Typically, when researchers examine rudeness in the workplace or other types of interpersonal bullying, they ask respondents to recall how often they have been treated maliciously over a period of time (usually a year) in the past. Such hostile treatment includes others calling themselves in an unprofessional way or excluding themselves from conversations. Respondents were then asked how often they responded to the poor treatment they had received during that time period. The correlation between the two survey indicators (i.e. personal experience of bad treatment and personal bad treatment of others) suggests that repaying evil for evil is the norm in the workplace. However, even if someone is treated extremely badly, you won’t know why unless you look at the old and new feuds among those colleagues. Since previous research has only revealed people’s propensity to be rude or to treat others rudely in all workplace relationships, we decided to take a different approach in this study to find out what the problem is.
  We conducted a survey of restaurant and office workers in the United States, as well as manufacturing workers in China, asking how often they experienced rudeness and rudeness to others in their work groups. Across all three samples, we surveyed a total of 598 employees in 119 workgroups. These working groups vary in size from as large as 40 people to as small as 4 people. In all, we investigated 5,374 unique relationships among various types of employees in different work environments.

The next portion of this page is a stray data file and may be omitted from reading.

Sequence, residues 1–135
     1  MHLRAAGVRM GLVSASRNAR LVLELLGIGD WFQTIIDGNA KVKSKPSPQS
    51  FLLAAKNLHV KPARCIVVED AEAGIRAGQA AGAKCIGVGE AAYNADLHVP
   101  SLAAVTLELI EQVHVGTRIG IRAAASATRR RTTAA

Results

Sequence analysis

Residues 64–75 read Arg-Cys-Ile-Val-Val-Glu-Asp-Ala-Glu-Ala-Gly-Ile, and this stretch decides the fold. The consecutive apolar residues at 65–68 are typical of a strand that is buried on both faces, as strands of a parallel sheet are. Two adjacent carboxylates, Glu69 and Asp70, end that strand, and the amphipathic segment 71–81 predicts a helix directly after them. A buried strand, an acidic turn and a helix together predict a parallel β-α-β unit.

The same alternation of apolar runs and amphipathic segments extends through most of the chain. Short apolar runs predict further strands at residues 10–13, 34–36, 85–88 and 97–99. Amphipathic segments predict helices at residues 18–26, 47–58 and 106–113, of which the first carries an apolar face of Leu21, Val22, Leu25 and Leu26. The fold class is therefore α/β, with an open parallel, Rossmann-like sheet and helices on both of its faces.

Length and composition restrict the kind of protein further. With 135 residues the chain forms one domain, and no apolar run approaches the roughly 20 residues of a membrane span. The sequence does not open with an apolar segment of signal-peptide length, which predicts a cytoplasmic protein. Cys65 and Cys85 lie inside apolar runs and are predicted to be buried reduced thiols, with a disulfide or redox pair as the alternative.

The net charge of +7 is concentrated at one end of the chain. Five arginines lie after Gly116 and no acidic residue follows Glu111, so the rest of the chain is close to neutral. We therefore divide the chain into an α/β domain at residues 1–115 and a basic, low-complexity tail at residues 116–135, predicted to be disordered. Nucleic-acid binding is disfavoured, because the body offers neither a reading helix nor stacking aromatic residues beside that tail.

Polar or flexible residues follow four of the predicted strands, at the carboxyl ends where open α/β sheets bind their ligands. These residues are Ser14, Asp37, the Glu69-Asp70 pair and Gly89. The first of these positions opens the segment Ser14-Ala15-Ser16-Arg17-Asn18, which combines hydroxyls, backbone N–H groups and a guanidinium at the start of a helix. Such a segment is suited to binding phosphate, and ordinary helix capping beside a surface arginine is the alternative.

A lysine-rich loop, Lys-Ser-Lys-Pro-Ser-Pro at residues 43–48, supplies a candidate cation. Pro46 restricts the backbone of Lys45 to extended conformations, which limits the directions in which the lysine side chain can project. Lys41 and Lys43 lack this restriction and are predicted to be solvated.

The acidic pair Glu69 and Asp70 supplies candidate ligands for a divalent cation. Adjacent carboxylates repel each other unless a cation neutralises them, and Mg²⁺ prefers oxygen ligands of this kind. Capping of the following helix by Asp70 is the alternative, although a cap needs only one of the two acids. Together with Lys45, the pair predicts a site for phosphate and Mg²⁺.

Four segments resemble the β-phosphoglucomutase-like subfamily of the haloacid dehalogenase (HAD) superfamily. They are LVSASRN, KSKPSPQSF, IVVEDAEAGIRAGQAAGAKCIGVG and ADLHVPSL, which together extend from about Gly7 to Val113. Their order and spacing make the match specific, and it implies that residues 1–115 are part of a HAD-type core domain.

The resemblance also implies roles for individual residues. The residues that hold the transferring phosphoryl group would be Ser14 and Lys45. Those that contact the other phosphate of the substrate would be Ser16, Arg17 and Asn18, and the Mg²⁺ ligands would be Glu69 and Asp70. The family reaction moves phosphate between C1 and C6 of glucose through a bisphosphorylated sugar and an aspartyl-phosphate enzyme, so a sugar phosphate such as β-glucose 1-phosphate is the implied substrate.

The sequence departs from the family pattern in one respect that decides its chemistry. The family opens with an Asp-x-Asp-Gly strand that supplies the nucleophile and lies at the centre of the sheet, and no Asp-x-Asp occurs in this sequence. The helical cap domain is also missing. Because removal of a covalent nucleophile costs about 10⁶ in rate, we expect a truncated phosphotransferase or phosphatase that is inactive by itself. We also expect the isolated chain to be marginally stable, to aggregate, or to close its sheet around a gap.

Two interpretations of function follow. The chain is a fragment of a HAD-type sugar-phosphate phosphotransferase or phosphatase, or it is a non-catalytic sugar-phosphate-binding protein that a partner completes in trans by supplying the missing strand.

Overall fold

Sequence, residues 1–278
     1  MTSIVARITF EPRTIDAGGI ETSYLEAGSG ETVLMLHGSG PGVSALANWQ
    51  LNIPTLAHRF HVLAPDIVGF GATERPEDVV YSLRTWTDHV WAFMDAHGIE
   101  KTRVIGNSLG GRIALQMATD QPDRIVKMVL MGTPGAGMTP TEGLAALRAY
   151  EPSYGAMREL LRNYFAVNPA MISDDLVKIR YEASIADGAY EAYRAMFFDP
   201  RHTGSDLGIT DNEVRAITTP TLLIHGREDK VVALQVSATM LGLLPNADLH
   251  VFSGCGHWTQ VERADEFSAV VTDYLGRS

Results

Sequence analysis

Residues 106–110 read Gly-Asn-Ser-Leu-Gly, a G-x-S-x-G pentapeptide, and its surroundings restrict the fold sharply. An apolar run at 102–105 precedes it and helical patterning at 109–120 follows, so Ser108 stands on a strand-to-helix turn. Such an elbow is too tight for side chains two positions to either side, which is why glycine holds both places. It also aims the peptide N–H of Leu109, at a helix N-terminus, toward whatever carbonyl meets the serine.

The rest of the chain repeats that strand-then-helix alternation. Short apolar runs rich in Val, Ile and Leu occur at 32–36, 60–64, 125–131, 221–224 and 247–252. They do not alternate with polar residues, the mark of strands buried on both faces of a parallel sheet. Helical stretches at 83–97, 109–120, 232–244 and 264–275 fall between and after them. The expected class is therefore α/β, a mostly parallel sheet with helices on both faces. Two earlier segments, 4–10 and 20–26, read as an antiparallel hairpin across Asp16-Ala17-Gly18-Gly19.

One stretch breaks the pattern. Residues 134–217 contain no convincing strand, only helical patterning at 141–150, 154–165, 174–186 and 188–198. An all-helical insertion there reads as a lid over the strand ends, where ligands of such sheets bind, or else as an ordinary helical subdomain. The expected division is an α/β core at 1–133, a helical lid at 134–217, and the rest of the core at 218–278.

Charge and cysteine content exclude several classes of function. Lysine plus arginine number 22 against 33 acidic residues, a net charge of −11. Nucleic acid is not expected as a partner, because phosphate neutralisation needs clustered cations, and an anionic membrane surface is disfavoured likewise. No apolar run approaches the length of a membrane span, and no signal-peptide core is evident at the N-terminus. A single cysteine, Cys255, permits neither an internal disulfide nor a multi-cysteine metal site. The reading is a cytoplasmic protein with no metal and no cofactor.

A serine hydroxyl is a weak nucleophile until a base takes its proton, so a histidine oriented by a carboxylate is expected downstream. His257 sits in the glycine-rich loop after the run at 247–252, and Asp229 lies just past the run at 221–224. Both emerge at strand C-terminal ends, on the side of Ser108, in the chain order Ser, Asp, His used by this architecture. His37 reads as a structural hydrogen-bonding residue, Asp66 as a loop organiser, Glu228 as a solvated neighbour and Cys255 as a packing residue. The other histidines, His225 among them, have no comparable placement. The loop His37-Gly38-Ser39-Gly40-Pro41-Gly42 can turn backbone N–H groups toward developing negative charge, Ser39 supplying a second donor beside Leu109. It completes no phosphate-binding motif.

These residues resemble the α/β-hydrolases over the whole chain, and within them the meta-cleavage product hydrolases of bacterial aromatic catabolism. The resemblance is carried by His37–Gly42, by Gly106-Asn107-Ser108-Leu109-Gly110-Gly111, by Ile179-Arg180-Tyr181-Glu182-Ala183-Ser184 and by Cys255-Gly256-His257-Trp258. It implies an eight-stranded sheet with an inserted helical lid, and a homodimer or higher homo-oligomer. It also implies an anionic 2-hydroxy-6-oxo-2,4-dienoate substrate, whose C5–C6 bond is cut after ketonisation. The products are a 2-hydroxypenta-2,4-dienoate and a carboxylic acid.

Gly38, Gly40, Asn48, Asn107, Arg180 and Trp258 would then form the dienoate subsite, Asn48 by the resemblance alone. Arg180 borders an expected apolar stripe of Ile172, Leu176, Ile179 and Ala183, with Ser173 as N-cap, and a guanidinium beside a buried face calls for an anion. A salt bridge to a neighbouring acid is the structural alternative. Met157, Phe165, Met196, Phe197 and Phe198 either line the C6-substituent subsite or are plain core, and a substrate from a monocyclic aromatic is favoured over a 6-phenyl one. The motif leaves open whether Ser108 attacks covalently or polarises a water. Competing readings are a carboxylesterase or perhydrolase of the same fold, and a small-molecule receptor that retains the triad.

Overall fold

Why does rude behavior occur in the workplace? Previous research has shown that characteristics such as an employee’s personality and position in the organization are major factors in determining the degree to which that employee is treated rudely or treats others rudely in a given workplace. For example, women and newcomers experience more disrespect in the workplace than men and veterans. Employees who are meticulous and agreeable tend to behave less badly in the workplace than colleagues who are less reliable and less collaborative. However, in our research, we found that the relationship between colleagues is as important as the personality of employees, which is one of the reasons for uncivilized behavior in the workplace. Even if one employee (the jerk in the office) is very rude to a lot of people and another employee (the punching bag in the office) is treated rudely by a lot of people, their unique relationship with certain co-workers can still explain how they get along with each other How is it. In other words, the incivility among certain employees often exceeds what we would expect from their general tendencies. For example, some relationships are competitive, while others are jealous. Therefore, in order to prevent uncivilized behaviors in the workplace, managers should focus on cultivating civilized relationships among team members.
  What are the norms of civility in the workplace? While rude and uncivil behavior in general violates the interpersonal and organizational norms of comity and respect, cultural and regulatory differences in work environments define what is appropriate and what is inappropriate. For example, swearing is likely to make most employees disliked by their bosses or HR departments, but in certain male-dominated work environments (such as construction, food service, financial firms, or technology startups), such behavior can often be ok. Tolerated, even considered fun, friendly and perfectly social. By the same token, spreading gossip is considered malicious in most workplaces, but can be used to amplify influence in certain settings. Therefore, in the study we asked respondents how their workplace defined rudeness and incivility, in addition to how they got along with each co-worker.